“This was always my thing,” she laughs.
Enrolled in classes by her mother as early as age 3, Yohe always knew what she would be doing; it was only how that changed.
“I was actually more into jazz and hip-hop until I was in high school,” Yohe says. “It was a late transition into ballet.”
Yohe performed in competitive dance festivals across the country, training in more contemporary styles that she couldn’t imagine doing now.
“I still remember some of my old moves,” she says. “But I might break my neck if I tried.”
While Yohe didn’t pivot towards ballet for some time, it was always a part of her upbringing. She first performed the Nutcracker at age 8 and knew soon after that ballet was something to pursue; however, the dance studio she was in and touring with didn’t focus primarily on ballet.
“I had a lot of friends [at the studio] and I didn’t want to move,” Yohe says. “But we did have a teacher there who left there and opened up her own school that was strictly ballet.”
At the time, Yohe was 14, already with years of experience behind her. She decided to make the switch to the new school and hasn’t looked back since.
“It was hard,” Yohe admits. “But I always wanted to do ballet.”
Yohe would continue to train for some time before joining Pittsburgh Ballet Theatre’s Graduate Program in 2012. She enrolled in several summer intensive programs, from Cincinnati to San Francisco Ballet, along with PBT’s own program for two summers. She’s gone on to perform in countless ballets including Giselle, Serenade, and In the Upper Room.
But while she has trained and danced for years, Yohe has discovered that ballet is a never-ending journey. It is a rigorous form which demands more on a daily basis.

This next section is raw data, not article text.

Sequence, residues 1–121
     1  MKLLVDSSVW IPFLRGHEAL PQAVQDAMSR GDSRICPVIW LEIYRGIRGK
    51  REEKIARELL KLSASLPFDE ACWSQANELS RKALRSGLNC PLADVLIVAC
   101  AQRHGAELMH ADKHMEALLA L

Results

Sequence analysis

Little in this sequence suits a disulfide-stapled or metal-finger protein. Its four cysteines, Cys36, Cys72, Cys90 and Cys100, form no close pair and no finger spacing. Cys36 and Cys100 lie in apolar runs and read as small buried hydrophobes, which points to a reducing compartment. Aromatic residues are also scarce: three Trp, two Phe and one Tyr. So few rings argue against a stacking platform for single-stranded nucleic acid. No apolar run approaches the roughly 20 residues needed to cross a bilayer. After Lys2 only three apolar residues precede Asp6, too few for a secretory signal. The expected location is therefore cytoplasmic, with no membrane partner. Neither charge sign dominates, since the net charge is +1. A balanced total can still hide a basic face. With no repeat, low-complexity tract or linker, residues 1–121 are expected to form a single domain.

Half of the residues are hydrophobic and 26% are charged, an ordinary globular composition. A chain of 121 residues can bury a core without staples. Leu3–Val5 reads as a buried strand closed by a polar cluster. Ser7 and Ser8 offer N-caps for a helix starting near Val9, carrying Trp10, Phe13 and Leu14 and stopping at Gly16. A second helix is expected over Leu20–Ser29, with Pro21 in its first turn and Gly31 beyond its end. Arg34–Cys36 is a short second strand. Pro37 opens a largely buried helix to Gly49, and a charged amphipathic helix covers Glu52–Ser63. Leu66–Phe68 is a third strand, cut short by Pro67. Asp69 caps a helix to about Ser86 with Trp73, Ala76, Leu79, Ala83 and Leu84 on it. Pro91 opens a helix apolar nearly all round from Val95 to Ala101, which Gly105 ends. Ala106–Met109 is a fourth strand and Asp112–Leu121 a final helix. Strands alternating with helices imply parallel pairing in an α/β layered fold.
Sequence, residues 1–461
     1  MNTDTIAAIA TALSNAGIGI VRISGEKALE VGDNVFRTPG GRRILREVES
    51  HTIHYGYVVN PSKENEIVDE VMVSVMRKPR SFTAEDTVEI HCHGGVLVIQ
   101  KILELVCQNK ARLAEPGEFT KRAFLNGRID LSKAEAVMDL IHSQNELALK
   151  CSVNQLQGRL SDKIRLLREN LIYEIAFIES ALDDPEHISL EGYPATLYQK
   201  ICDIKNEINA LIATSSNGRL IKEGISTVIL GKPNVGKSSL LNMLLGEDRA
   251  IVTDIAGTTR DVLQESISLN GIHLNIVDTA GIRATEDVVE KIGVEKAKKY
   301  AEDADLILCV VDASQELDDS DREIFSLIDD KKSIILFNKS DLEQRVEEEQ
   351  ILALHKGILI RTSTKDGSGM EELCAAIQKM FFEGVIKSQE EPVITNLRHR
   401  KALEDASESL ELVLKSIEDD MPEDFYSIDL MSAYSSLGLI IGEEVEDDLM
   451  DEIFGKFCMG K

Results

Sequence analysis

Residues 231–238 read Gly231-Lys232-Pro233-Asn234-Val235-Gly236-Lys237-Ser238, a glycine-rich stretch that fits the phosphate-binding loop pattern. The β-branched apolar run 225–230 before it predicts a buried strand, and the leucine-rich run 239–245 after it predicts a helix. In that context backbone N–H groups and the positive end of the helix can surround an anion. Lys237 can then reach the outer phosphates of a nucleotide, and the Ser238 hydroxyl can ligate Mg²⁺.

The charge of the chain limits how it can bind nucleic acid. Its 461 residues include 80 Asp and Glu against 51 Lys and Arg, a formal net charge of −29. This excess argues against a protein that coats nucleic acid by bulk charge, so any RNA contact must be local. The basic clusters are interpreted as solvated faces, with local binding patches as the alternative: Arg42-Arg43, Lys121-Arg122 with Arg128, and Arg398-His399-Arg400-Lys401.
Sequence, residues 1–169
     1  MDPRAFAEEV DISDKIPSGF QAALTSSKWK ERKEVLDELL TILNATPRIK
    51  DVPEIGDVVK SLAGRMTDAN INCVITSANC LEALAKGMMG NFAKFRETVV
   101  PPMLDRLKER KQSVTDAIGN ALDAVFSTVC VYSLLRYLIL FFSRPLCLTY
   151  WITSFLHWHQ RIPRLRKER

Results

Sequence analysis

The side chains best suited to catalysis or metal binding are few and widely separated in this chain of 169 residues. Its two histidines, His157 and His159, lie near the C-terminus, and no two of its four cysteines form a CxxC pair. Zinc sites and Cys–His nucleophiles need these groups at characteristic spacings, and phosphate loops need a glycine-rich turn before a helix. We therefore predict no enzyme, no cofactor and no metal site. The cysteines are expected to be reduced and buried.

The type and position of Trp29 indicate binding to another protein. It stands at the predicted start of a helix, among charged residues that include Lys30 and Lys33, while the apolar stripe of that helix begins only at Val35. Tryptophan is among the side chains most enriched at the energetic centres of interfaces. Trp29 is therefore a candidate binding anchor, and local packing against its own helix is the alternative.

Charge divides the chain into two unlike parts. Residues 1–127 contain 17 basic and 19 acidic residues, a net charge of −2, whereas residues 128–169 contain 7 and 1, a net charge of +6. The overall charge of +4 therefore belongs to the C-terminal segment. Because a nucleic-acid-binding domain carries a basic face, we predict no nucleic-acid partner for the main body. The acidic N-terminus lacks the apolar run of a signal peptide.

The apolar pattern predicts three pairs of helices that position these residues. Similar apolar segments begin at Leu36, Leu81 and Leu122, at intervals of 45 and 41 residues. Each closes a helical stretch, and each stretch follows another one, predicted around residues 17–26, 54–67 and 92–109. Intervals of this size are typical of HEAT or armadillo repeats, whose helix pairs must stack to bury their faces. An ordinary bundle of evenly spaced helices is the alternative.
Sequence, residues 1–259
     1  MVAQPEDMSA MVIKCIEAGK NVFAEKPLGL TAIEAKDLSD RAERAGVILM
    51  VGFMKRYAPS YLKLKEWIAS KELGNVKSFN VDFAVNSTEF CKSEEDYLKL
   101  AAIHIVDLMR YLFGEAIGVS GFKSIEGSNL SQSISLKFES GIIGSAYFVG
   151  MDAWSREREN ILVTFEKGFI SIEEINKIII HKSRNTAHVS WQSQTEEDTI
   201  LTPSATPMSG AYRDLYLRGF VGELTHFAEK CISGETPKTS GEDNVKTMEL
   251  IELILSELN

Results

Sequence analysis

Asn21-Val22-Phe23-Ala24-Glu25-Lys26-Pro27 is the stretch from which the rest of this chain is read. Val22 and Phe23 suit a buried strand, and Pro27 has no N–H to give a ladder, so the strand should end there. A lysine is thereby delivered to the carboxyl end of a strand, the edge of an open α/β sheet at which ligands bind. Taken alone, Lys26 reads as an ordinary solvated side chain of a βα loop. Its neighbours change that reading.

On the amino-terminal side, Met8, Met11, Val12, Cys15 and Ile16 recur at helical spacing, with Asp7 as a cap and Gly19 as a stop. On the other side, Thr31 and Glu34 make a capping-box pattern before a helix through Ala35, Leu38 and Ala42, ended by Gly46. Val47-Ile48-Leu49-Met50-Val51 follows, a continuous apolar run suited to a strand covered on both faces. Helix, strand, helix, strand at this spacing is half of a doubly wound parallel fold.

“It’s still hard,” Yohe says happily. “Every day you have to figure out what makes a step work, how to make a turn happen or finish cleanly. It’s a little bit of a game because you have to refigure your body; you feel different every day.”
Despite the technical demands, it is the artistic side of ballet that has kept Yohe engaged.
“You can give it your own individual touch, your own flare. It’s a fine balance of that individuality combined with discipline and form.”
Yohe’s own spark, she says, is dependent on the roles she gets to play. As each ballet is different, every character deserves their own style; and for the PBT, in a year of many performances, Yohe has had the opportunity to immerse herself in many different parts.
“I try to become these characters, but there’s also just the enjoyment of ballet. It’s so much better to watch someone who is obviously having a good time [performing] and loves the art form.”
For Diana Yohe, who began dancing not long after learning to walk, her energy hasn’t waned. That true love of the art form is obviously—and abundantly—still there.
“I get a lot of corrections about not smiling on stage,” she laughs. “It can be a serious role or even an angry role, and I’ll still smile.